I think you are approaching the question of conversion or the need to convert from the wrong direction. You start with the premise that there is an untouched pristine innocent community who are then interefered with by these predatory missionaries..and so on.
Why not look at why exactly all the most natural-resource rich areas in our country are inhabited by some of the poorest and least educated of our citizens, the adivasis? No government cared to build roads, bring hospitals, or set up schools and colleges here, which would enable them to "enter the mainstream". They did pass laws to protect homelands in the Fifth and Sixth schedule, and then, a few years later, abrogated them and used state force to get the tribals to vacate their homelands so that the "mainstream" could develop, buildong roads to access the rich lodes of ore, dam rivers and immerse forests, while the tribal children and old people waste away due to hunger and malnutrition. However, there are plainspeople who are there in the region to make a killing out of the forest products collected by the tribals and to marry and integrate into the community - almost always men marrying tribal women - but we know this also means access to the land - but this is not seen as dilution of tribal's rights or culture!
What did the "missionaries" do? By this I do not only mean the Catholic church. I also mean dozens of small groups (mostly non-catholic) who contributed to send subsistence salaries to missionary couples who lived and worked among the tribals, in thier villages, teaching them to read, putting scripts to their dialects, bringing basic health care, sometimes some borewells, with donations...all because they were responding to the call "Whatsoever you do to the least of my brothers you do to me.." These people also live and often bury children or spouses in these areas but no one knows of them because they are not attached to large or powerful institutions.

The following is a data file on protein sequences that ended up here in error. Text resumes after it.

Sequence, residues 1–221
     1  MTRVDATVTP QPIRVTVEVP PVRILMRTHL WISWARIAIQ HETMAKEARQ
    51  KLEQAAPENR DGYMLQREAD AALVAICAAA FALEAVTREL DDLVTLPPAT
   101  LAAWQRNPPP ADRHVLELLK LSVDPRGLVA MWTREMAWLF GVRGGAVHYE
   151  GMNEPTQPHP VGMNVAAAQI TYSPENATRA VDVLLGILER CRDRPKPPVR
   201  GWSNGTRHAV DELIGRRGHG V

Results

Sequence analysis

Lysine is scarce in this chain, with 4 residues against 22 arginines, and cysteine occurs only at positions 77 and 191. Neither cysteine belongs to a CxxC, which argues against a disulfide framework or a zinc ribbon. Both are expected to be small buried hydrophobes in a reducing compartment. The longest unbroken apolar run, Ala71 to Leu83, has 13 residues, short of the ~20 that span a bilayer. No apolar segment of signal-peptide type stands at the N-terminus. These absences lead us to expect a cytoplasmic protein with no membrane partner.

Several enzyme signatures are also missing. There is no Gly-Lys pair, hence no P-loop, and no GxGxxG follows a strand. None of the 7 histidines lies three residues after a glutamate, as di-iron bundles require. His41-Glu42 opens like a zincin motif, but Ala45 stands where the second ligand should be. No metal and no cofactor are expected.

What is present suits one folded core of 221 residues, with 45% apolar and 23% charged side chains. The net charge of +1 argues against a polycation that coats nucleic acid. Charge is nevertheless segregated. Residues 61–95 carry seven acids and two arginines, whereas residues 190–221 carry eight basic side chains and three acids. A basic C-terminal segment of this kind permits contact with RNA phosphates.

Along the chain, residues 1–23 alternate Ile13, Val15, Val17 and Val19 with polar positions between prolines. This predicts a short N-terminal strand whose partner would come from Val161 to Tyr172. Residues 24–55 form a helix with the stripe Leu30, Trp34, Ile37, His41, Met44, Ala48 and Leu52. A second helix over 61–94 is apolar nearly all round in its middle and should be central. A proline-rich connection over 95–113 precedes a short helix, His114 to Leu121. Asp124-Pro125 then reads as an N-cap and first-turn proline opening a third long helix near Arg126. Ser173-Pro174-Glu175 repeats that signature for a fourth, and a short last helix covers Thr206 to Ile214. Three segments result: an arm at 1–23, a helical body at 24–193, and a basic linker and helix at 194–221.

I have yet to meet a tribal who has been critical of the material inputs that Christians bring into their lives. Issues of culture need to be more deeply studied. For instance, the culture of consuming alcohol, or tobacco, or even paan - in moderation they are pleasureable but they have the potential to inflict lasting damage to the health of the person and even his family if they substance is abused. And this is an individual choice based on a person's character - but in large numbers, these addictive practices can cause harm to the entire community.
Cynthia Stephen India
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